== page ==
Adding to the list of “I Will Never” is ‘I will never get my elementary school aged child a cell phone’.
Really, what does an elementary school aged child need with a phone? They can’t bring them to school. They’re only going to call me, Dad, 911 or the one other elementary school aged child who has a cell phone. Right.
That one went down in a blaze of glory at Christmas this year.
My older son, who just turned 11 and is in the fifth grade, didn’t even specifically ASK for a phone for Christmas. What he asked for was an iTouch, which does everything an iPhone does, without the telephone capabilities. He wanted it for games, apps and music. Well, an iTouch starts at about $200 and you still have to add it to a data plan. I didn’t really see the point, knowing that his dad and I had agreed he could get a phone the summer before sixth grade anyway. Why buy the iTouch now and a phone six months from now? Especially when said iPhone 4 was FREE with a contract.
So he got the phone and was beyond thrilled. I really thought his eyes were going to roll back in his head in electronic ecstasy.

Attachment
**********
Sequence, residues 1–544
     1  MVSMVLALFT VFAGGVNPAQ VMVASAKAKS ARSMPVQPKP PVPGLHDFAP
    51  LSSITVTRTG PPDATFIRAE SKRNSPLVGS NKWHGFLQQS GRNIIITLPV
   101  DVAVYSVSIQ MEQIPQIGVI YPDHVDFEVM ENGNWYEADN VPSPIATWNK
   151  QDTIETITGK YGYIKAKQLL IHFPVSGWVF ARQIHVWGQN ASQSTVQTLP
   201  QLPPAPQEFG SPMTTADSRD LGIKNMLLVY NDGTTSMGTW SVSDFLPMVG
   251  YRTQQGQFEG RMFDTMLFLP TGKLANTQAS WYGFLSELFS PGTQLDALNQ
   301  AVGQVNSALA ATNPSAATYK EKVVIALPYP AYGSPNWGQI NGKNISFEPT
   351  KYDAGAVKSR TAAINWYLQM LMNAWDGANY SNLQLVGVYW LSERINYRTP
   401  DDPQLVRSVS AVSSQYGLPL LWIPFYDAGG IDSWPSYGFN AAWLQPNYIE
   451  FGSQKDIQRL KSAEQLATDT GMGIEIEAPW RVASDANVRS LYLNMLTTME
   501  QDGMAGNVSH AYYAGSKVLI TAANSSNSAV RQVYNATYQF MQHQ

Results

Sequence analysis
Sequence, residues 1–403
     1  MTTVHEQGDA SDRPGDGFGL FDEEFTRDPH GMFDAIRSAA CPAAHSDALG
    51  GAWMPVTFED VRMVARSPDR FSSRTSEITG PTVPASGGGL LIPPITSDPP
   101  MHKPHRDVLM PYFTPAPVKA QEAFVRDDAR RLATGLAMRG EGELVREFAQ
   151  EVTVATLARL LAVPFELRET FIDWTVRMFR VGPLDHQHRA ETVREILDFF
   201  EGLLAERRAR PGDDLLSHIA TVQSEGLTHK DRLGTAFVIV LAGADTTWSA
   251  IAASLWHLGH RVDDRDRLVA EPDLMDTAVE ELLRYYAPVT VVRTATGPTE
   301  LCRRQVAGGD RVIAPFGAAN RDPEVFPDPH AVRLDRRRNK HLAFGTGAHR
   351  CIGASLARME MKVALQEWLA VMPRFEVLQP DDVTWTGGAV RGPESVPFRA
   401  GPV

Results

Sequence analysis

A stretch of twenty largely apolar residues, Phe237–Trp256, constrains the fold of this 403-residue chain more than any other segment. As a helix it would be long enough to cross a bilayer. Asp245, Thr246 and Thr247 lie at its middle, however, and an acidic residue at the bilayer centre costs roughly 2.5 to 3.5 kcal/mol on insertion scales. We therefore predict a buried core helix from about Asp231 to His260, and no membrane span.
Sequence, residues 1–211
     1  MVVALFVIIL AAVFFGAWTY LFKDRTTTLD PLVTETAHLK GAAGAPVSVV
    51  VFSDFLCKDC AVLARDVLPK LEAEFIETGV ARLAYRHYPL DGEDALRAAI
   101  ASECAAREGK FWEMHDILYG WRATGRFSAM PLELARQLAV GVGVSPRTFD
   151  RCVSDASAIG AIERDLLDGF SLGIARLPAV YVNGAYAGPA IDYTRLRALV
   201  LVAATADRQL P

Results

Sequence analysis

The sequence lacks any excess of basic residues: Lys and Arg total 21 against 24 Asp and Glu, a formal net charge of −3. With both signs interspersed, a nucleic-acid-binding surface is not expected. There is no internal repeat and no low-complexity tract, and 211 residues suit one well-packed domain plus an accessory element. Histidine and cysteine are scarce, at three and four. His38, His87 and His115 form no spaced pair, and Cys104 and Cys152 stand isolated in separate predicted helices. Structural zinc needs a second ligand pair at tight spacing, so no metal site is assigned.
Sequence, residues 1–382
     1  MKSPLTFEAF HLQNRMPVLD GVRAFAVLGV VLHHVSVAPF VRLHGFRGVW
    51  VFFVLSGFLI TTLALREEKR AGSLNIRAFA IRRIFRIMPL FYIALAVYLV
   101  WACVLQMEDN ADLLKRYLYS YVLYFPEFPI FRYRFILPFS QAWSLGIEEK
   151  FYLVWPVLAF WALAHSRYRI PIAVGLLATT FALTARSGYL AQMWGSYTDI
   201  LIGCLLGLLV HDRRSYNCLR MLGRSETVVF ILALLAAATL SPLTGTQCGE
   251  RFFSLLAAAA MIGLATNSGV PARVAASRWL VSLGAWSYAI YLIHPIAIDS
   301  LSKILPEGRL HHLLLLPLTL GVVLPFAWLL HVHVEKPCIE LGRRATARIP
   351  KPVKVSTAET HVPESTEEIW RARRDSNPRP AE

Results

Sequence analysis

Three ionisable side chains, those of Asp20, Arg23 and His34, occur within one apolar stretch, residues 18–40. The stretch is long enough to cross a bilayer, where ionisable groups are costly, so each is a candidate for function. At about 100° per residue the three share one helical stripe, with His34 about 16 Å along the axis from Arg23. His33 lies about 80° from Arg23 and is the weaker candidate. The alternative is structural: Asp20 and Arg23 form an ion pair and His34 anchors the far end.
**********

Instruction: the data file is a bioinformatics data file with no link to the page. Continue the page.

But he’s in fifth grade. He’s 11 years old. We had to talk about rules.
1. Mom and Dad have the pass-lock code, the iTunes log in and password and access to anything, anywhere on your phone, at any time. If we say “hand it over,” we’d better be able to look at anything we want to look at. Immediately.
2. Having a phone is a privilege, not a right. It goes right back into the box in Mom’s locked office drawer if you abuse this privilege.
3. Never answer a call from a number you do not know. No one accept Mom, Dad and the few family members we entered into your contacts needs to be calling you.
4. Do not give out your phone number to anyone. We can revisit this next year, when social norms shift a bit, but for now, it’s private.
5. Ditto No. 3, but with text messages. And especially do not click on a link on any text that you receive from a strange number.
6. When Mom or Dad calls or texts: answer. Answer immediately. We’re having some issues with this one. He claims he keeps letting the charge run out (I know this is somewhat true). Keep the phone charged and answer it.
7. Do not buy anything off of iTunes without permission. True story, I had a friend whose son racked up almost $300 of iTunes charges before she checked her email to see the iTunes receipts. Oh. Horror. If you want to buy a song, or an app, we’ll negotiate what that app will “cost.”
8. Do not even download a free app without Mom or Dad knowing what it is.
9. Share with your little brother every once and awhile.
10. And if we play against each other in Chess, let Mom win. Just once.